So far in this series, I’ve described what PVRTrace is and outlined the core features of PVRTraceGUI. In this post, I’ll detail the advanced features of our analysis tool that simplify the process of identifying misuses of the API, redundancies & potential performance bottlenecks.

PVRTrace

Pixel Analysis: Frame Summary

PVRTraceGUI_PixelAnalysis

Selected Pixel

A pixel can be selected by clicking on it in the Image Analysis widget. When this is done, the Selected Pixel interface displays the coordinates of the pixel & lists the fragment shader ID’s than contributed to its colour. This inspection – paired with our Depth Complexity and PowerVR Depth Complexity modes – makes it easy to identify redundant/unnecessary blended primitives in the render that can be optimized out.

Frame Summary

The Frame Summary uses data from our Image Analysis and offline profiling compilers to highlight the most ALU intensive parts of the render’s fragment shading.

In the above screenshot, we can see that shader A (#12110173) accounts for more than 50% of the ALU cost of colouring pixels in the frame. Although this shader is only 7 cycles, reducing this to 6 cycles or less will be the best way to increase performance on an ALU bottlenecked device as the shader is used on so many pixels. The next most costly shader is B (#7490107) – accounting for ~20% of the pixel processing computations. As shader B requires many more cycles than shader A, there are likely to be more opportunities to optimize it.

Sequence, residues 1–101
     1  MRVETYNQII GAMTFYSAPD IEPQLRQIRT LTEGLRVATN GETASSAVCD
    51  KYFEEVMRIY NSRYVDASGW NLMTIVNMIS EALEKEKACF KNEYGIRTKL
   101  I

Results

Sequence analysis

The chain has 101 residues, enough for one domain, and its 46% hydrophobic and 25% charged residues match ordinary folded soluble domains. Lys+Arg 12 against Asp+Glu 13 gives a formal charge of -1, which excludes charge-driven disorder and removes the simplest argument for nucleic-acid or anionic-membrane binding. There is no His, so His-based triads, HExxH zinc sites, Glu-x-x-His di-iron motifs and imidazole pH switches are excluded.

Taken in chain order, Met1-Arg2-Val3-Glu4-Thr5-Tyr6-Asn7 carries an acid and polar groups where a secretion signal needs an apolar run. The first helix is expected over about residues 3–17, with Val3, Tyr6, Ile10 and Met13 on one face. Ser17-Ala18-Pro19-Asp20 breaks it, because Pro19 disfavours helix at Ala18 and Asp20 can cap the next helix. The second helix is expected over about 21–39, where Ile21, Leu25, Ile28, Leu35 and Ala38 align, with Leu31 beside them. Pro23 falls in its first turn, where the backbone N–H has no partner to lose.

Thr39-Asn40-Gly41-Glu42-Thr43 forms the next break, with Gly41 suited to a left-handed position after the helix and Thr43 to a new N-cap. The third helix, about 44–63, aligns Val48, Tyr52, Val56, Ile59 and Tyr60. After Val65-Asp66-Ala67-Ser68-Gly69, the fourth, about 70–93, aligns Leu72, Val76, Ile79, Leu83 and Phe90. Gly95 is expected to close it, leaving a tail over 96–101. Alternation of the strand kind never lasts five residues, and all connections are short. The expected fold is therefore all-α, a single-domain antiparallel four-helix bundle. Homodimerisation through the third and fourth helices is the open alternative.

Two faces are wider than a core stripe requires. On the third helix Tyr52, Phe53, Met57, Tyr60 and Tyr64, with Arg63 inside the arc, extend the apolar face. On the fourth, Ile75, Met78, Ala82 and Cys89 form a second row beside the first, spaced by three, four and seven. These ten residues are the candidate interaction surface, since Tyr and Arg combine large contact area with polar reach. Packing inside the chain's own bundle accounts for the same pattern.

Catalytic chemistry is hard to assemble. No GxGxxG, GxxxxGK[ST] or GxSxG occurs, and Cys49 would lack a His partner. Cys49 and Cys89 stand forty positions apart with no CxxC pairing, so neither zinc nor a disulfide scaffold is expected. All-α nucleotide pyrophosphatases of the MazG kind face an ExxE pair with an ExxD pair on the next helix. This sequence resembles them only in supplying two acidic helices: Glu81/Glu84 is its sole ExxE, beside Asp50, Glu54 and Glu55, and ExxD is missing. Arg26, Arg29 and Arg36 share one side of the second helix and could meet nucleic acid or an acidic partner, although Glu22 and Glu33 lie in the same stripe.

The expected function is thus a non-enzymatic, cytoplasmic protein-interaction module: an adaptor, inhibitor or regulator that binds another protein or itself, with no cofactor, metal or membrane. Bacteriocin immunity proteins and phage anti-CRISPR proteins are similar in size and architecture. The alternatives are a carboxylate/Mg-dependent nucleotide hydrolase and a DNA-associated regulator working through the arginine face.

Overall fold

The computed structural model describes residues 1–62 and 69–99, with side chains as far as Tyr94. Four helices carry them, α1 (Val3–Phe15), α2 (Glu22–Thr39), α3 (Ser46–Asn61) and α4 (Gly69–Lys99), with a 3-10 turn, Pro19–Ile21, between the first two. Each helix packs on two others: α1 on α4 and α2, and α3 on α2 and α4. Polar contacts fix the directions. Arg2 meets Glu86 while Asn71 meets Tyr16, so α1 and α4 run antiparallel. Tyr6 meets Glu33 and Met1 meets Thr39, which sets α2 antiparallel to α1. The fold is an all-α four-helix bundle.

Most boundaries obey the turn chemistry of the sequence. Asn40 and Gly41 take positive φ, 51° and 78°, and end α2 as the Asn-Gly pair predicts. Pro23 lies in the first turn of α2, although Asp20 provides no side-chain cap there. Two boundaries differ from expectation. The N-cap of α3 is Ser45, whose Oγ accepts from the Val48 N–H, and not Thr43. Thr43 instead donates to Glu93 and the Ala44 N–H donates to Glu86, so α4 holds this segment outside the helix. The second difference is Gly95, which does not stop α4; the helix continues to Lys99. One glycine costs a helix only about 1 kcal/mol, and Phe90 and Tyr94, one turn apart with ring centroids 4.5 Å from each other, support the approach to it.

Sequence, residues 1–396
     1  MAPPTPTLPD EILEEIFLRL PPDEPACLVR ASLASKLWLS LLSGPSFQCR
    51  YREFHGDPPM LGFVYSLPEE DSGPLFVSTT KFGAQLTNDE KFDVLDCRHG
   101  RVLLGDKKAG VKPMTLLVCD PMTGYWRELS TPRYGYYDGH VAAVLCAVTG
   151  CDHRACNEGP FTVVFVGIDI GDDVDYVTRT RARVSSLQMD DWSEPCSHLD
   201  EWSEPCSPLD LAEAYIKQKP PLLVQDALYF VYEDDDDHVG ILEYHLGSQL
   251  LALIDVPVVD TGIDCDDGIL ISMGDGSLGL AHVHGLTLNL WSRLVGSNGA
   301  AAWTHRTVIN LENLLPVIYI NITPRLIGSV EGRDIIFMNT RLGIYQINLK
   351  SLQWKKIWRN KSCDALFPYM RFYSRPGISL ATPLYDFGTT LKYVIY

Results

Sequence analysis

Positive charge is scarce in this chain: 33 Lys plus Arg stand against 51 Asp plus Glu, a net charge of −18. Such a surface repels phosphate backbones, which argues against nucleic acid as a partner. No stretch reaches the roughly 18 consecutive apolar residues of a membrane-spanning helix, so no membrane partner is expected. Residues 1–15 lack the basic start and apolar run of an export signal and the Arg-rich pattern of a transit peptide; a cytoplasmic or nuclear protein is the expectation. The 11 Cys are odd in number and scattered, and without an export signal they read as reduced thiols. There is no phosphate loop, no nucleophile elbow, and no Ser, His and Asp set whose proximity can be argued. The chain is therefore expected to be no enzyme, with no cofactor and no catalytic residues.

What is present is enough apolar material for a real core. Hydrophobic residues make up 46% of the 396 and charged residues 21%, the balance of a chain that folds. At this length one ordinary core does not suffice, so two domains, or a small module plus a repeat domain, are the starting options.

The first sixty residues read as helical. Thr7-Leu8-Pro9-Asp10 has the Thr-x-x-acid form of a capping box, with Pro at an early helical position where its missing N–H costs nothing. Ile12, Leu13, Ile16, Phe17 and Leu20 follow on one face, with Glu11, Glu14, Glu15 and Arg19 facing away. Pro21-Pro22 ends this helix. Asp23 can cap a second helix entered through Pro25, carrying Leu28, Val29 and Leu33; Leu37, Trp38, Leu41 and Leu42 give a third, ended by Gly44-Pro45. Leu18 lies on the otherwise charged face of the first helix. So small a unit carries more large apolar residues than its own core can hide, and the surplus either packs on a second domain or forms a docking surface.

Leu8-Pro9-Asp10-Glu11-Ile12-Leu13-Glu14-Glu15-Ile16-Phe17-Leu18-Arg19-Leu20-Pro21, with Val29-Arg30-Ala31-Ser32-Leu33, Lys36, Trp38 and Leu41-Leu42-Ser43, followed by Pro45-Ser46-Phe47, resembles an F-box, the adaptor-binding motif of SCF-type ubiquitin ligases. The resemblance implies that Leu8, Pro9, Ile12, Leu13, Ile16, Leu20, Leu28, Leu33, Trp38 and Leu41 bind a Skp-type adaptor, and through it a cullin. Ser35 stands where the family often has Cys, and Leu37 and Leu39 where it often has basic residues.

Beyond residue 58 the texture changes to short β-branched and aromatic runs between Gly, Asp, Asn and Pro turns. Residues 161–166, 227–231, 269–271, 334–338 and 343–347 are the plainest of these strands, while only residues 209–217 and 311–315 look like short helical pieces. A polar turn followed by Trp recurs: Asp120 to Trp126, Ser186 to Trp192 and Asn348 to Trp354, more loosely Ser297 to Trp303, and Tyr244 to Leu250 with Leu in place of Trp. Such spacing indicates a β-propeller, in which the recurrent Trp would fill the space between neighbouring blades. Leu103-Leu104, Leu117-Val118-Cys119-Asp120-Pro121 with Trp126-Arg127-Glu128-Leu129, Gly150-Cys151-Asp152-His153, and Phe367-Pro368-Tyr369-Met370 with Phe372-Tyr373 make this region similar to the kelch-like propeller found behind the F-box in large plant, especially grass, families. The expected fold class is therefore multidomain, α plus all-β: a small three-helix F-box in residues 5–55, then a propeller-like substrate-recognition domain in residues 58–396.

Image Analysis: Pixel Heatmap

PVRTraceGUI_Heatmap

As the name suggests, this mode visualizes fragment shader ALU complexity by rendering a heatmap. This uses a colour scale of red (the most expensive shaders) to green (the cheapest shaders).

Paired with the data in the Pixel Analysis widget, this mode makes the process of isolating the costly parts of your render trivial.

Export Data

It’s basic, but it’s extremely useful. The FileàExport Data options can be used to dump the call log, the call statistics (e.g. the number of times each call is made in the recording) & all of the shaders that were captured. This data can then be inspected outside of PVRTraceGUI or parsed in custom tools.

Conclusion

The PVRTraceGUI interface is designed to give you everything you need to quickly identify redundancies and errors in your render. In our upcoming 3.2 SDK release, we’ll be adding a whole host of new features that will make this even easier.

In the next post, I’ll detail how the Playback tool can be used to replay captured data on any of our supported platforms, and also discuss how the Trace Modifications feature can be used to make simple alterations to shaders and the GL call stream for testing (much safer than attempting to hack code in a complex rendering engine!). In the meantime, please check out the previous posts in the series, download the PowerVR Graphics SDK (if you haven’t done so already) and post on our forum if you have any questions. Remember to follow us on Twitter (@ImaginationPR and @PowerVRInsider) and subscribe to our blog.

About the author: Joe Davis

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Joe Davis leads the PowerVR Graphics developer support team. He and his team support a wide variety of graphics developers including those writing games, middleware, UIs, navigation systems, operating systems and web browsers. Joe regularly attends and presents at developer conferences to help graphics developers get the most out of PowerVR GPUs. You can follow him on Twitter @joedavisdev.

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